When the continuity of bone tissue is totally or partially interrupted, a bone fracture occurs. As a result of the break, the shape of the bone is altered. These fractures can happen in a straight line or all the way down a bone’s length. A fracture can break a bone into multiple fragments or split it in half. Fractures can be treated in a variety of ways, depending on your healthcare professional.
There are different types of bone fractures, and each type can have minor variations.
- Open fracture: A fracture in which the bone breaks through the skin and can be seen outside the wound is known as an open fracture. This is referred to as a complex fracture.
- Closed fracture: If the injury does not break open the skin, it’s called a closed fracture. It is also referred to as a simple fracture.
- Partial fracture: a type of fracture in which the break does not reach all the way through the bone.
- Complete fracture: When a bone breaks completely, it is divided into two or more fragments.
- Stable fracture: The shattered ends of the bone are almost perfectly aligned.
- Displaced Fracture: The broken ends of the bone are separated by a space. A displaced fracture may require surgery to repair.
To characterize partial, full, open, and closed fractures, a healthcare professional may use additional terminology. These are some of the terms:
- Transverse fractures: are breaks in the bone that run in a straight line. This type of fracture can be caused by traumatic events such as falls or car accidents.
- Spiral Fracture: This is a type of fracture in which the bone spirals around itself. Spiral fractures affect the long bones of the body, most commonly the femur, tibia, and fibula in the legs. They can also occur in the long bones of the arms. Twisting injuries experienced through sports or during a violent attack create spiral fractures.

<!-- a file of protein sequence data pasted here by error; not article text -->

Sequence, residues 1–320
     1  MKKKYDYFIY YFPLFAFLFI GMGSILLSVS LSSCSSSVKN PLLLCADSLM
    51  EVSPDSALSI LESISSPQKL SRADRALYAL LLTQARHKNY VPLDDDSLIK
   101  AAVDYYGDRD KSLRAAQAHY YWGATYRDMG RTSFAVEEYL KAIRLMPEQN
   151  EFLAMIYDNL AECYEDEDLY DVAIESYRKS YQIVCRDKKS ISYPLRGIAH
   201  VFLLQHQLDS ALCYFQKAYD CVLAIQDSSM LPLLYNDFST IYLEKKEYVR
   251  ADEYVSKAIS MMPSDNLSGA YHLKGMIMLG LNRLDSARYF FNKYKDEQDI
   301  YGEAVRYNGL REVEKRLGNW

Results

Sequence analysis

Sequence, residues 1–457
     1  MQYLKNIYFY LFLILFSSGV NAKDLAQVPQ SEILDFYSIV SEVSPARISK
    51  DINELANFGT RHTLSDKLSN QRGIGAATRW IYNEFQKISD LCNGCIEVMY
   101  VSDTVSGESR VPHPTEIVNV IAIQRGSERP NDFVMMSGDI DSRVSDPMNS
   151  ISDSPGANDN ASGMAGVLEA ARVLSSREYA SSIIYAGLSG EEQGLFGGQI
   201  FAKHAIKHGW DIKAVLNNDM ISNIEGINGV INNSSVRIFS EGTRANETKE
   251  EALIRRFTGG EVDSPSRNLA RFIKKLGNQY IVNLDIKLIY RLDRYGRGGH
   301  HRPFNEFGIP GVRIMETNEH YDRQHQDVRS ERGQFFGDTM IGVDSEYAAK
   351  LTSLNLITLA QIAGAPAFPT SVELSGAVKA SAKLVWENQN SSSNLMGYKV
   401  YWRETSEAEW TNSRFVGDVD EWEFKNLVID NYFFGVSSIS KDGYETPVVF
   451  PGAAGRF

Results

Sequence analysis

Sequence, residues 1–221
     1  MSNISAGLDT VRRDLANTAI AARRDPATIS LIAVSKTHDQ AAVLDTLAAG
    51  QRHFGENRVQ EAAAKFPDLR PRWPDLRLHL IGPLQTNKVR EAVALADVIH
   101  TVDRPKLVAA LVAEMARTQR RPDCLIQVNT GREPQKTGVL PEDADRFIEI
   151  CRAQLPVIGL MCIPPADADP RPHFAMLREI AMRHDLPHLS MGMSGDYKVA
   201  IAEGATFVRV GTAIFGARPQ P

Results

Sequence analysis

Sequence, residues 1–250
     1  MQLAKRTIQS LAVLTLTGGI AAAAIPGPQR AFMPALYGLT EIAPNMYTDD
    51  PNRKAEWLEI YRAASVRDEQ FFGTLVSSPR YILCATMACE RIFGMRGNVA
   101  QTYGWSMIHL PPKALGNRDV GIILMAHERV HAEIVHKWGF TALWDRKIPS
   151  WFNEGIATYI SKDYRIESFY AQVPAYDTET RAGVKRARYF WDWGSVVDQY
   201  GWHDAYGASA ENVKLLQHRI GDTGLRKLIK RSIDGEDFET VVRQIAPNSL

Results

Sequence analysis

- Greenstick fracture: The bone is fractured partially on one side but does not break entirely, because the rest of the bone can bend. This type is more common among children.
- Hairline fracture: It is a thin, partial fracture of the bone. These fractures are commonly caused by repetitive motions such as running.
- Compression fracture: It occurs when bones are squashed or flattened. These fractures are most common in the spine and can result in the collapse of your vertebrae. Compression fractures are most commonly caused by osteoporosis.
- Impacted fracture: When a bone fractures, a portion of the broken bone may collide with another bone.
- Oblique fracture: The breakage in the bone goes diagonally across the bone.
- Segmental Fracture: When the same bone is fractured twice, a “floating” section of bone remains between the two breaks.
- Comminuted fracture: In this type, the bone shatters into three or more pieces.
- Avulsion fracture: In this type of fracture a fragment is pulled off the bone by a tendon or ligament.
Causes of fractures include:
- Fractures can occur as a result of a fall, a car accident, or a tackle during a football game.
- This condition weakens bones, making them more prone to breaking.
- Repetitive action can fatigue muscles and increase bone stress.
- Stress fractures might happen as a result of this. Stress fractures are common among athletes.
Most fractures are extremely painful, and you may be unable to move the affected area. Other common signs are:
- Tenderness and swelling around the injury
- A limb may appear to be out of place, or a portion of the bone may puncture the skin.
The circumstances that lead to a person’s fracture will be investigated by a doctor. They will also conduct a physical examination in order to make a diagnosis. To completely assess the fracture, they might request an X-ray and, in some situations, an MRI or CT scan.